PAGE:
MF: If I had been selecting you for the award, one of the reasons I would have done it is simply because of your blog. We barely even mentioned www.johnsibley.com. We’ve said you’re a writer, but you put those skills to work in a very effective way at your blog. What was it that made you decide you wanted to have this blog, and how do you feel that that contributes to the conversation?
JS: It’s funny, because I don’t actually … I tell people this all the time – I don’t actually write because I want to. I didn’t start writing because I wanted to. I started writing because I had to.
BN: I could have answered that question for you, John Sibley. I had a feeling.
JS: I was up at four in the morning and couldn’t sleep. I had to get this out of my head. I had to get it on paper. That’s kind of how it starts. I think anybody who has any interest should start blogging and not particularly worry about whether anybody reads it or not. It’s been a great exercise for me to organize my thoughts and to figure out and work out how I feel about things, because writing about them brings a clarity to those issues.
As it happens, people do read it and I love that there are people out there reading it, but even if I only had five readers I would still write it, because I have to.
MF: I think there’s a certain kind of writer that you know that’s true when you read their stuff, because there’s an authenticity to the writing that goes right to the core. I think that comes out loud and clear in your writings and in your blogs.
JS: Thank you.
MF: I think that the purity of that message – there’s no self-promotion, there’s no marketing, there’s not anything mixed in it. It’s just what you believe and see as true without a lot of other stuff mixed in.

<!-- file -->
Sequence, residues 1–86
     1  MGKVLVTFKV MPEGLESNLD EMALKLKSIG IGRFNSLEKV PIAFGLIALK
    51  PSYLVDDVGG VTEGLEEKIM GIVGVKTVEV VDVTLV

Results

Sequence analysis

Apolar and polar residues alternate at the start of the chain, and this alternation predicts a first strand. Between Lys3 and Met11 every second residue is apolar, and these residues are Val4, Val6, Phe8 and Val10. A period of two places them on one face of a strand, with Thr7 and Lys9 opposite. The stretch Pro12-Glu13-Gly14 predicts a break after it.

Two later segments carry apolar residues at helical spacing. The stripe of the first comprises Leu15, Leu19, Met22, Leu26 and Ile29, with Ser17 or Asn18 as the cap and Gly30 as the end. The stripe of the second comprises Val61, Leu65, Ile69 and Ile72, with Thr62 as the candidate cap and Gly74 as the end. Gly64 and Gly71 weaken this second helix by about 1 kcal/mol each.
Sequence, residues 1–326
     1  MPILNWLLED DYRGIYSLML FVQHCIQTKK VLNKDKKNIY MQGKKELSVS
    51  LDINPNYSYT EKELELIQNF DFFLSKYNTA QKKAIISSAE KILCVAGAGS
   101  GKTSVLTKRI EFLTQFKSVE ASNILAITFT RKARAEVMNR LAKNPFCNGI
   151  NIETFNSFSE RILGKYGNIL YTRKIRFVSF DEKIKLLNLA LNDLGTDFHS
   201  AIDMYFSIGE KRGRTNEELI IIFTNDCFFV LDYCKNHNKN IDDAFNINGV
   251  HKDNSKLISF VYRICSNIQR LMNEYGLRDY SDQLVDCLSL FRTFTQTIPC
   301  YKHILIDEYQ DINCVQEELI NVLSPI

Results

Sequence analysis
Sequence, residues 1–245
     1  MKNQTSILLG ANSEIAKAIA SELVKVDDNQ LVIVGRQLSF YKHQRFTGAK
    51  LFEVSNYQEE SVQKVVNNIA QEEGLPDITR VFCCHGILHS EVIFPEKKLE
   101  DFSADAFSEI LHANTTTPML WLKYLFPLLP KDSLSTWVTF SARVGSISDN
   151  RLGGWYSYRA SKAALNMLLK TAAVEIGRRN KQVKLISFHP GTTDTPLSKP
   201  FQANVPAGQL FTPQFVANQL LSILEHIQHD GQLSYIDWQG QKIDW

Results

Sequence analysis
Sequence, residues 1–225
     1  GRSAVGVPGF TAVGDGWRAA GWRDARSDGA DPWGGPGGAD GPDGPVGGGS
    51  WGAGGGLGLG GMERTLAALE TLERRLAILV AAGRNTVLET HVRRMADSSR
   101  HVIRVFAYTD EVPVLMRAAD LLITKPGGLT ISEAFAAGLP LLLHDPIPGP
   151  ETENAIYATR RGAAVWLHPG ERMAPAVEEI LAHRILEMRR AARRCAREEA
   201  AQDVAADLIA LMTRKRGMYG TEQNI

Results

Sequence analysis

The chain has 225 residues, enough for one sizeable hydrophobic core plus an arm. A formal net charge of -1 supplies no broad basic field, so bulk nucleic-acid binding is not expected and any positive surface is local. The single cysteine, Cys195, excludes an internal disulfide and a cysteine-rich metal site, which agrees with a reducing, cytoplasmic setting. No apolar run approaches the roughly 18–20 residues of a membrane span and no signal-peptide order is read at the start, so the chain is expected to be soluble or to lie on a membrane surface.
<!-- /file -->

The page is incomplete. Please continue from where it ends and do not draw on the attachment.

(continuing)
JS: Yes. I’m not interested in advertising or any of that. I’m just writing down what I think.
BN: John Sibley, I have a question for you for 2013.
BN: For 2013 as you look in your crystal ball or your bucket of wishes for New York and the state of animal welfare in your city and state, is there something that really comes to the top of your list of wishes?
JS: There are two big things in New York in 2013. One is that we are going to start seeing ramping up for the New York mayoral election, and the way that the shelter works in New York City, the mayor has pretty much open control of the system. The new mayor could potentially make a huge difference. As those campaigns ramp up, I am greatly looking forward to trying to get involved with that. It can be rather difficult, but I’m definitely going to try to get involved with the campaign that wants to take this on as an issue.
I’m very, very hopeful that in 2013 we may see some progress on a rescue access bill in New York. Getting things passed in New York is very difficult. It can take many years of evolution, but we’ve been banging on that door for a while, and eventually it’s got to open.
MF: It will be a fascinating year to watch. We’ll be watching along with you and we’ll be staying in touch.
BN: We’ll be cheering along.
MF: We absolutely will. Once again, congratulations on your honor. I think it was a wise selection.
BN: Thank you for everything – all the work and leadership you show, John.
JS: Thank you very much.